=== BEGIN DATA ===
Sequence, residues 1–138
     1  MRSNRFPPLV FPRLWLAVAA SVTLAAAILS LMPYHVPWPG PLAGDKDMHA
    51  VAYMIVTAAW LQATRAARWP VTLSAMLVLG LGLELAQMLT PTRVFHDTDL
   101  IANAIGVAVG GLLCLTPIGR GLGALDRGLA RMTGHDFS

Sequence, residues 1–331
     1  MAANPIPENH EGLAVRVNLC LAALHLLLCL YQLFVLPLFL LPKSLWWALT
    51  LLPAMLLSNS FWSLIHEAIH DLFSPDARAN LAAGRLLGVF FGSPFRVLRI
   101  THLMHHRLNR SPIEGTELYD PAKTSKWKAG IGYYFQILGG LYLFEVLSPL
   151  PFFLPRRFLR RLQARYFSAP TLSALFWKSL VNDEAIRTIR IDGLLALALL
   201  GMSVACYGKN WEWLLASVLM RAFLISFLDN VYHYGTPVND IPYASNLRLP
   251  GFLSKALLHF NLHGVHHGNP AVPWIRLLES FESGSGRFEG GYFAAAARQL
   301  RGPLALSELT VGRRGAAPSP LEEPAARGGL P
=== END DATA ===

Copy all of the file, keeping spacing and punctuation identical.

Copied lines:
Sequence, residues 1–138
     1  MRSNRFPPLV FPRLWLAVAA SVTLAAAILS LMPYHVPWPG PLAGDKDMHA
    51  VAYMIVTAAW LQATRAARWP VTLSAMLVLG LGLELAQMLT PTRVFHDTDL
   101  IANAIGVAVG GLLCLTPIGR GLGALDRGLA RMTGHDFS

Sequence, residues 1–331
     1  MAANPIPENH EGLAVRVNLC LAALHLLLCL YQLFVLPLFL LPKSLWWALT
    51  LLPAMLLSNS FWSLIHEAIH DLFSPDARAN LAAGRLLGVF FGSPFRVLRI
   101  THLMHHRLNR SPIEGTELYD PAKTSKWKAG IGYYFQILGG LYLFEVLSPL
   151  PFFLPRRFLR RLQARYFSAP TLSALFWKSL VNDEAIRTIR IDGLLALALL
   201  GMSVACYGKN WEWLLASVLM RAFLISFLDN VYHYGTPVND IPYASNLRLP
   251  GFLSKALLHF NLHGVHHGNP AVPWIRLLES FESGSGRFEG GYFAAAARQL
   301  RGPLALSELT VGRRGAAPSP LEEPAARGGL P